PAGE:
Bill Gates calls for global surveillance team to spot pandemic threats

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A team of international experts ranging from epidemiologists to computer modellers should be created to quickly identify global health threats and improve co-ordination between countries, Bill Gates has said, warning that greater investment is needed to avoid another pandemic.

The Microsoft founder and philanthropist, who in 2015 first cautioned publicly that the world was not ready for the inevitable next pandemic, said his proposed Global Epidemic Response and Mobilization initiative should be managed by the World Health Organization.

As the war in Ukraine dominates the international agenda, Gates urged global leaders not to lose sight of the health crisis. He called for greater investment to prevent future pandemics. “It seems wild to me that we could fail to look at this tragedy and not, on behalf of the citizens of the world, make these investments,” Gates told the Financial Times.

More than 6.2mn worldwide are estimated to have died from Covid-19 since late January 2020, shortly before the WHO declared the outbreak a Public Health Emergency of International Concern.

He acknowledged there were questions over whether an international consensus could be reached to increase funding for WHO, which he believed was the only body that could build and manage the “top-notch” GERM team for which the running costs, he estimated, would be around $1bn a year.

“The amount of money involved is very small compared to the benefit and it will be a test: can global institutions take on new responsibilities in an excellent way, even in a time period where US-China [relations are] tough, US-Russia is extremely tough?” said Gates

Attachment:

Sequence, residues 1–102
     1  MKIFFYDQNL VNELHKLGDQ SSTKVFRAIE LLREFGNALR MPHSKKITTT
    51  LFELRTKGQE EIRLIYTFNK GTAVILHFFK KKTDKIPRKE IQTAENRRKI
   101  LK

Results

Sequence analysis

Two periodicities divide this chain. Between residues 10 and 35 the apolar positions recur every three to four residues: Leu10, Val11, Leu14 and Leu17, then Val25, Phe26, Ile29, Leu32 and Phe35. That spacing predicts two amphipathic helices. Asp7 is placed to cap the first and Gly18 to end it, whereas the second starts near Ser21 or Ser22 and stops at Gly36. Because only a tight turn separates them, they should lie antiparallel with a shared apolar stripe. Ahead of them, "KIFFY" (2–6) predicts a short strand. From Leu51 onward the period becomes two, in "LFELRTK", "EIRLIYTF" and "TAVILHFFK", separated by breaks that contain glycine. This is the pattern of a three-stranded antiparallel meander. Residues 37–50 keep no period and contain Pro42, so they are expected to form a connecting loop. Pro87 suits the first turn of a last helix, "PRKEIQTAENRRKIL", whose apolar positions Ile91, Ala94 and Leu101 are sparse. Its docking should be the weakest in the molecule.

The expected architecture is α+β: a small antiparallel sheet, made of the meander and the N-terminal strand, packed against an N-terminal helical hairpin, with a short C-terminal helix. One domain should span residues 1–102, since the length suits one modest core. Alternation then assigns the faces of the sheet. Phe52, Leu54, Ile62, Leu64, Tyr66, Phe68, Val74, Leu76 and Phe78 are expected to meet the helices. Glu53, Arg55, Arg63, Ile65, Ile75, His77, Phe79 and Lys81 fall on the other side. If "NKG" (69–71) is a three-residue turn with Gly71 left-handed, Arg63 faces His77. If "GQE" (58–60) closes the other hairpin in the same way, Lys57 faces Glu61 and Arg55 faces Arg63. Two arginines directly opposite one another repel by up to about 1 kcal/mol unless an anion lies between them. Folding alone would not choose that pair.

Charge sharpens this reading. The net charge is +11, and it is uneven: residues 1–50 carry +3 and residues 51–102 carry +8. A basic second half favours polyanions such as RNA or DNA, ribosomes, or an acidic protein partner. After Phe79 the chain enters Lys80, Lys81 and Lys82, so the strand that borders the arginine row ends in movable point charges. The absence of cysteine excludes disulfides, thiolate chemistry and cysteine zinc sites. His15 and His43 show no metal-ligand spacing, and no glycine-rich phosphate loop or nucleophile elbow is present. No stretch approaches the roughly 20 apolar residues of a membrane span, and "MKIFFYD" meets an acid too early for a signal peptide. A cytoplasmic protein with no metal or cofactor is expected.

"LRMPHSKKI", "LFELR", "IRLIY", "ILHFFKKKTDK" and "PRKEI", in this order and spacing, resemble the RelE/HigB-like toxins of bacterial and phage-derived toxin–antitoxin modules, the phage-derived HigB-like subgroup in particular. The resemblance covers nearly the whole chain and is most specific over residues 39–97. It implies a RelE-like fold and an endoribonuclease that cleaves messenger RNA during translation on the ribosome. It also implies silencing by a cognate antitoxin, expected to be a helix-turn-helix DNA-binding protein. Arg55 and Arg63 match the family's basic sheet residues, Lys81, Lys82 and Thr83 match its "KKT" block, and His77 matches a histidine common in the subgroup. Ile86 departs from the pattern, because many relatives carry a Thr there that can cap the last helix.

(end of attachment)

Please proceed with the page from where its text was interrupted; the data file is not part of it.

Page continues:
Bill Gates © POOL/AFP via Getty Images

The WHO had “less than 10 full-time people” working on outbreak preparedness, said Gates, adding that “even those people are distracted with many other activities”.

“The current WHO funding is not at all serious about pandemics,” he said.

Gates, who argued that there was an urgent need for longer-lasting vaccines that blocked infection, stressed that the current pandemic still posed a threat.

“We’re still at risk of this pandemic generating a variant that would be even more transmissive and even more fatal,” he said. “It’s not likely, I don’t want to be a voice of doom and gloom, but it’s way above a 5 per cent risk that this pandemic, we haven’t even seen the worst of it.”

Gates, whose book How to Prevent the Next Pandemic is published on Tuesday, expressed his hope that the UK would not further reduce its contribution to foreign aid funding, suggesting this could lead to other nations engaging in their own retrenchment which could jeopardise key global public health programmes.

The UK’s decision last year to reduce its annual aid budget from 0.7 per cent, to 0.5 per cent, of gross national income was “a disappointment”. It meant areas such as polio and reproductive health had been cut.

“We’re down to the bare minimum, and if the UK cuts more, then others will do as well,” said Gates. “That would be tragic because . . . all that money saves lives for less than $1,000 per life saved.”

He said the UK remained a big donor to the vaccine alliance Gavi and the Global Fund to Fight AIDS, Tuberculosis and Malaria.

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